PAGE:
Remember that you will need to be able to determine if they have breached the limits you have set.

Within the assessment brief, this statement should chosen (from the two options given):

GenAI may be used

Generative artificial intelligence (GenAI) tools, such as ChatGPT, may be used for this assessment task. If you use GenAI tools, you must use these ethically and acknowledge their use. To find out how to reference GenAI in your work, consult the referencing style for your unit via the Library referencing guides. If you are not sure how or to what extent you can use GenAI tools in your studies, contact your Unit Assessor. If you use GenAI tools without acknowledgment, it may result in an academic integrity breach against you, as described in the Student Academic and Non-Academic Misconduct Rules, Section 3.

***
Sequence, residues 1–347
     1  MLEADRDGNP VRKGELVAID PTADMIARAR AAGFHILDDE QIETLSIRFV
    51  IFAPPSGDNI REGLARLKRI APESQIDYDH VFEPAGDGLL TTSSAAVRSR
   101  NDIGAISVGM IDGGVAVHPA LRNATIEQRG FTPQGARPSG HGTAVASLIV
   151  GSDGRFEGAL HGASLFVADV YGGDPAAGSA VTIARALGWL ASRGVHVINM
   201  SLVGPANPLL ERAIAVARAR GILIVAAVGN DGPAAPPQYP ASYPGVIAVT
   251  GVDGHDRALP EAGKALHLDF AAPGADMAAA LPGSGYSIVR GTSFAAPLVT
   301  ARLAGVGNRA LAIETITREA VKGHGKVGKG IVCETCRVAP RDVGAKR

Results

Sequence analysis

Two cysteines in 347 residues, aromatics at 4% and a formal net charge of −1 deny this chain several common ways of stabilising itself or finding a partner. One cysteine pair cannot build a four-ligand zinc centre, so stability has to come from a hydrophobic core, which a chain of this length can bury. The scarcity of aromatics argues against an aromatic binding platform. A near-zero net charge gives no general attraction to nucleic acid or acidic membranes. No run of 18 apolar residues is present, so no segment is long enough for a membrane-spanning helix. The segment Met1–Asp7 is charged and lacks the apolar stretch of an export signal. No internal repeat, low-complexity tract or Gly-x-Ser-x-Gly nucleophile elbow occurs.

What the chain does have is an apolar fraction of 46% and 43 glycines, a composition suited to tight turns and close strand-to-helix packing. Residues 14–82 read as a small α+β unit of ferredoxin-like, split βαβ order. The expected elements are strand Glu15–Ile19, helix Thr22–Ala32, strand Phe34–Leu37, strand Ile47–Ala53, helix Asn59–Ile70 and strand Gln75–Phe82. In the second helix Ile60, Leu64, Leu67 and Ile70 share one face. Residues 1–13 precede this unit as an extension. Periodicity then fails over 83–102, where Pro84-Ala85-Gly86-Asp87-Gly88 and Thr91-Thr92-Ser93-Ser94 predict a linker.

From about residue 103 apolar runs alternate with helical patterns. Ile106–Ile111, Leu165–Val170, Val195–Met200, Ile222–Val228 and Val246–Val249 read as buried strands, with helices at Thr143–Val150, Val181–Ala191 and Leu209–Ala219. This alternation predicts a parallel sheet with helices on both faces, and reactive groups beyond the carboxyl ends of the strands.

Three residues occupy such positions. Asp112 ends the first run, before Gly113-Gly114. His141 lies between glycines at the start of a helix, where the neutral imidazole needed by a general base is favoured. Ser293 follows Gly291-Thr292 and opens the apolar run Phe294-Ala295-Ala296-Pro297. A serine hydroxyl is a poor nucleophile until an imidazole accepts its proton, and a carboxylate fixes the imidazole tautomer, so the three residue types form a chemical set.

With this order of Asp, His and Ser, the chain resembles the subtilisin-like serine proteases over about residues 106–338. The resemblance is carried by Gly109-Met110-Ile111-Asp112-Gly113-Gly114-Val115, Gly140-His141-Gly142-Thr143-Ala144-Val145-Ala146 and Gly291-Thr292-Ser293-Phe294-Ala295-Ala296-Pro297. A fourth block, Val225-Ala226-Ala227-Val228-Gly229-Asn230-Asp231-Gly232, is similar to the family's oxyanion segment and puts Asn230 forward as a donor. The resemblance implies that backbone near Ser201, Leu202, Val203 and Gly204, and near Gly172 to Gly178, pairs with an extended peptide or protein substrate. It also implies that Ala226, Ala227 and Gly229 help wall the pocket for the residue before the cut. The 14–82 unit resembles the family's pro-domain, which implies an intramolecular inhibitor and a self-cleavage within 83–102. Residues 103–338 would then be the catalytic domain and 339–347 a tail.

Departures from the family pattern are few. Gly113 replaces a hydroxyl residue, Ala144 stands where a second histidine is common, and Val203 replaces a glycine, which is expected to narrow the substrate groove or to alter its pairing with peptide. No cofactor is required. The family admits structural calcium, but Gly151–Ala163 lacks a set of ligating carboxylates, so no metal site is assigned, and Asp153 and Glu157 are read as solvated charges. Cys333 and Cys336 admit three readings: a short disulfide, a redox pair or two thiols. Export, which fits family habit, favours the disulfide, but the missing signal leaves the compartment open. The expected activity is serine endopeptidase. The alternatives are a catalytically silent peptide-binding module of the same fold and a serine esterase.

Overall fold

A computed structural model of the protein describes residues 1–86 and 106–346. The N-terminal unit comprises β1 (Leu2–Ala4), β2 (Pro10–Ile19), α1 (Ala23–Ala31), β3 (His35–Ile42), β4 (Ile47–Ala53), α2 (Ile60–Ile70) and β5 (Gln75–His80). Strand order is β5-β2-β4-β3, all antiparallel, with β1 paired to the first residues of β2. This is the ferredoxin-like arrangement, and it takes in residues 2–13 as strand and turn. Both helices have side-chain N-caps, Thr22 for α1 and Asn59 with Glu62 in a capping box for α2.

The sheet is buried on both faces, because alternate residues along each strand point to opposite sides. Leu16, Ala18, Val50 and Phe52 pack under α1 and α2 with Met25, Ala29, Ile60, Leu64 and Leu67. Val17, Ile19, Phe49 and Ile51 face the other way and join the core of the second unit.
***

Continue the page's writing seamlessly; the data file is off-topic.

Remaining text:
Your GenAI limitations will be written after this statement.

NOTE: Examples of limitations that have been set in assessment tasks can be found under Act – Option 2.

Step 3: Review your rubric

When analysing assessment briefs for GenAI implications, criterion weighting should also be considered. In the context of marking criteria that are explicitly linked to the ULOs being assessed, consider what might be easily achieved by GenAI compared to higher-order cognitive tasks that may be less susceptible to GenAI use.

Look at the criterion weighting in the rubric.

  • Is too much weight given to lower-order thinking skills (look for verbs like describe, explain, identify, outline)?
  • Can demonstration of knowledge be applied and contextualised, rewarding the elements of application and critical thinking?
  • Is there scope within the ULOs to weight the higher-order and contextual elements higher than others?